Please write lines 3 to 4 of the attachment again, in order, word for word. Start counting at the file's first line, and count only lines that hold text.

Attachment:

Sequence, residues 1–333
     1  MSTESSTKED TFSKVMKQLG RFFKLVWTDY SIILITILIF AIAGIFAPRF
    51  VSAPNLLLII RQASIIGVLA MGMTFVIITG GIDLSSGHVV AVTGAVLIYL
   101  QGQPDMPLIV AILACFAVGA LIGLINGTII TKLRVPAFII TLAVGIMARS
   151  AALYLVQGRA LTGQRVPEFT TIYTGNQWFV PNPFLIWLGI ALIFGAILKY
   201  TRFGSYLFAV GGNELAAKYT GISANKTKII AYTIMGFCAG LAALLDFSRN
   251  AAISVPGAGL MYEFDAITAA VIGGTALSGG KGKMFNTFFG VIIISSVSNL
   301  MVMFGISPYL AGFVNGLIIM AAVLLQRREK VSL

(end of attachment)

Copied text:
    51  VSAPNLLLII RQASIIGVLA MGMTFVIITG GIDLSSGHVV AVTGAVLIYL
   101  QGQPDMPLIV AILACFAVGA LIGLINGTII TKLRVPAFII TLAVGIMARS